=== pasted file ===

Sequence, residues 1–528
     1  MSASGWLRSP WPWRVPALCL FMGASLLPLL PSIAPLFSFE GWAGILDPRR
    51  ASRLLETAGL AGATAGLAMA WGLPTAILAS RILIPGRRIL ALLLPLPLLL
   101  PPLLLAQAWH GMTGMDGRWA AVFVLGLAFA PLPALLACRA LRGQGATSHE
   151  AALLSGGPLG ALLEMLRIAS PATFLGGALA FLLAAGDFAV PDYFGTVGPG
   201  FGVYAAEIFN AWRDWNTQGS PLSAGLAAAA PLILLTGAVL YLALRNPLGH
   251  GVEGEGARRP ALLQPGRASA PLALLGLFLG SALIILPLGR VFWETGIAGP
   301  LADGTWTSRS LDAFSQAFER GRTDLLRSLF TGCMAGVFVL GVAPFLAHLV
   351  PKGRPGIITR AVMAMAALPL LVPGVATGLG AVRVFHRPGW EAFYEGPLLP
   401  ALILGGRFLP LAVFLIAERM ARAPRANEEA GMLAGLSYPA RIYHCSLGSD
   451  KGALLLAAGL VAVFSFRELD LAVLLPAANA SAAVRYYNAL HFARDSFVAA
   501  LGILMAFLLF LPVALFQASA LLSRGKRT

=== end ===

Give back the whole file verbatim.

Sequence, residues 1–528
     1  MSASGWLRSP WPWRVPALCL FMGASLLPLL PSIAPLFSFE GWAGILDPRR
    51  ASRLLETAGL AGATAGLAMA WGLPTAILAS RILIPGRRIL ALLLPLPLLL
   101  PPLLLAQAWH GMTGMDGRWA AVFVLGLAFA PLPALLACRA LRGQGATSHE
   151  AALLSGGPLG ALLEMLRIAS PATFLGGALA FLLAAGDFAV PDYFGTVGPG
   201  FGVYAAEIFN AWRDWNTQGS PLSAGLAAAA PLILLTGAVL YLALRNPLGH
   251  GVEGEGARRP ALLQPGRASA PLALLGLFLG SALIILPLGR VFWETGIAGP
   301  LADGTWTSRS LDAFSQAFER GRTDLLRSLF TGCMAGVFVL GVAPFLAHLV
   351  PKGRPGIITR AVMAMAALPL LVPGVATGLG AVRVFHRPGW EAFYEGPLLP
   401  ALILGGRFLP LAVFLIAERM ARAPRANEEA GMLAGLSYPA RIYHCSLGSD
   451  KGALLLAAGL VAVFSFRELD LAVLLPAANA SAAVRYYNAL HFARDSFVAA
   501  LGILMAFLLF LPVALFQASA LLSRGKRT